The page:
Huge rise in babies born with defects

Experts fear pollution and drug use may be causing abnormalities
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The Independent Online

The number of babies born with certain types of abnormalities has increased by up to 50 per cent in five years, research by a medical charity has found.

The Birth Defects Foundation (BDF) calculates that 45,000 babies are born each year with defects ranging from spina bifida – an abnormality of the spine – to prominent birthmarks or minor malformations of the hands or feet.

The total is six times higher than the Government's own figures for neonatal abnormalities and amounts to one in 16 of all births. However, the Office of National Statistics admits its own figures do not reflect the scale of the problem.

No clear explanation for the phenomenon has emerged but the use of recreational drugs by young mothers and an increase in oestrogen-like substances in the diet are possible factors.

While some types of abnormalities are declining, the charity's figures reveal a sharp rise in three specific defects – cleft lip or palate, gastroschisis (abnormality of the abdominal wall) and hypospadias (abnormality of the genitals).

The BDF will launch a campaign today to alert mothers to a five-point plan to increase the chances of having a healthy baby by taking account of their family medical history, taking folic acid supplements, reducing alcohol, stopping smoking and eating a balanced diet.

Sheila Brown, chief executive of the BDF, said: "The first question asked by any new mother is: 'Is my baby OK?' If the answer is no it is a dreadful shock. A defect does not just affect the baby – it is for life."

Professor Michael Patton, BDF medical director and head of medical genetics at St George's Hospital, Tooting, said the figure of one in 16 babies born with a defect was "frequently used in genetic circles". Research for the BDF showed the incidence of cleft lip or palate, requiring several operations to repair, had risen from 5.9 cases per 10,000 births in 1995 to 9.2 cases in 1999.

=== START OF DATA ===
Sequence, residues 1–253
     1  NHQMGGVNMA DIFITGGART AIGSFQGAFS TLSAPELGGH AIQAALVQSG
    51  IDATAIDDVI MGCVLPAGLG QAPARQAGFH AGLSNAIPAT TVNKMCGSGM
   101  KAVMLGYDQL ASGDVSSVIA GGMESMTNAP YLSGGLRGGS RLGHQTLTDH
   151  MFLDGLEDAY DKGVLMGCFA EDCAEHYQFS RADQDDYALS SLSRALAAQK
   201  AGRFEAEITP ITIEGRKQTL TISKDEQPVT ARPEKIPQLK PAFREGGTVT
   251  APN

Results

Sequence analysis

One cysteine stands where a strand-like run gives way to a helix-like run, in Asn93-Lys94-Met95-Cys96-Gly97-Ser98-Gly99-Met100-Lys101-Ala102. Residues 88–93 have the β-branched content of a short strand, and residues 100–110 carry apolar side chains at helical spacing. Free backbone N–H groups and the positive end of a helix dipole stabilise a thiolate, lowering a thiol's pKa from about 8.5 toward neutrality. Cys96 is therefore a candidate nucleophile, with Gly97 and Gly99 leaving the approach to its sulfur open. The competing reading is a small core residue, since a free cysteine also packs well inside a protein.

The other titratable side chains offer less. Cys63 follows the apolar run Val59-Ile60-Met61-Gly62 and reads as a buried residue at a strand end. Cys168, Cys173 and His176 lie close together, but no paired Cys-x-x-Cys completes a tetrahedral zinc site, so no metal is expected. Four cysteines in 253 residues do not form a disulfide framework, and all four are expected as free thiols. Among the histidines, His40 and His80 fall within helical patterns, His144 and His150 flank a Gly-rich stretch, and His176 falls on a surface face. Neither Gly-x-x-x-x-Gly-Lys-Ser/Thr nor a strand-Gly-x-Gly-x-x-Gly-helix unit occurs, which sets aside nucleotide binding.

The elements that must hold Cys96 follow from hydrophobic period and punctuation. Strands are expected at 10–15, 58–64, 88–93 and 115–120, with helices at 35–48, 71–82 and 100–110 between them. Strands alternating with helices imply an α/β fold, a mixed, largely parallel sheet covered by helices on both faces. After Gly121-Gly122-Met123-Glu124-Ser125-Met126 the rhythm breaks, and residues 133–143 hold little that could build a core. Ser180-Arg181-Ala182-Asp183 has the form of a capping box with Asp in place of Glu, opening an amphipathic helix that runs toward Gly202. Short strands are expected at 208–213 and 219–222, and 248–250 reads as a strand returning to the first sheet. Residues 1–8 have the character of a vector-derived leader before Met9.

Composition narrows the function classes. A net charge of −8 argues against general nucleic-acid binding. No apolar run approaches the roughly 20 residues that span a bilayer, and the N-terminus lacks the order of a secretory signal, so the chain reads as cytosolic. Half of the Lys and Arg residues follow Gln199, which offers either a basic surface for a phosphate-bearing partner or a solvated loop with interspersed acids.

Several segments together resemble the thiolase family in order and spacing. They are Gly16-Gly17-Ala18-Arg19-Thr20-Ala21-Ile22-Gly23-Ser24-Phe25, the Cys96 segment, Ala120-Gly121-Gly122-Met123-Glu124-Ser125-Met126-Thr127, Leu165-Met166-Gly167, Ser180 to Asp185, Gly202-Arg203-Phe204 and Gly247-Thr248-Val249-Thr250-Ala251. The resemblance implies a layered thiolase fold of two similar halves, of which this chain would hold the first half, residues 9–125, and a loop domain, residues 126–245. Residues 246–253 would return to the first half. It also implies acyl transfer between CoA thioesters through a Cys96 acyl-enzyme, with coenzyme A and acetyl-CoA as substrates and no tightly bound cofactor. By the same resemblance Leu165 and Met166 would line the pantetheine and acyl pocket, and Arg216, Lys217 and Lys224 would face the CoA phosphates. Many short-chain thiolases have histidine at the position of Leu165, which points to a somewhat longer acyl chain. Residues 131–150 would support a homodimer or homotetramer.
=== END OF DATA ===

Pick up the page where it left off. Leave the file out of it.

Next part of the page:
Hypospadias, a condition affecting boys in which the opening of the penis is situated on the underside of the shaft, had risen from 7.5 to 8.5 cases. In severe cases, the opening is situated so far back there is doubt about the gender of the child.

Professor Patton said: "Some substances in the diet, such as soya, contain phyto- oestrogens which it has been suggested could have a feminising effect on males."

The feminising effect of environmental pollutants was further highlighted yesterday in the Independent on Sunday, which reported on how fish in British rivers are developing female characteristics.

Gastroschisis, a weakness in the abdominal wall that leaves the baby with its intestines protruding at birth, had risen from 1.3 to 1.9 cases. The condition has been rising in both the US and the UK and is five times more common in teenage mothers than other age groups.

Professor Patton said: "One idea has been that perhaps it is the use of recreational drugs by teenage mothers that is behind this rise.

"I believe that the majority of malformations are not caused by the environment but are dependent on genetic factors. Where we see fluctuations there may be an environmental factor."

He said the "great success story" had been with spina bifida. By noting the trends and relating them to diet, the link with folic acid had been discovered, which was now given to all pregnant women. The incidence of the condition has been reduced by 60 per cent.

Figures collected by the Office for National Statistics show there were 7,284 children born in 2000 notified to the National Congenital Anomaly System. Planning for schools, hospitals and other services was based on official figures but these "seriously underestimated the true position," the BDF said.

The system was set up in the wake of the thalidomide scandal in the 1960s to serve as an early-warning system for environmental causes of birth defects. Thalidomide, an anti-nausea drug for pregnant women, was prescribed to thousands of mothers-to-be before it was identified as a cause of limb defects.

Ms Brown, of the BDF, said the Office for National Statistics relied on voluntary reporting by doctors and midwives of defects recognised at birth.

Many defects were not reported and others did not become apparent until the child was older. "Doctors are dealing every day with these conditions, yet the way they are counting them is irrevocably flawed," she said.

A spokesman for the statistics office said: "It has long been recognised that there is under-reporting. Efforts are being made to improve the system."

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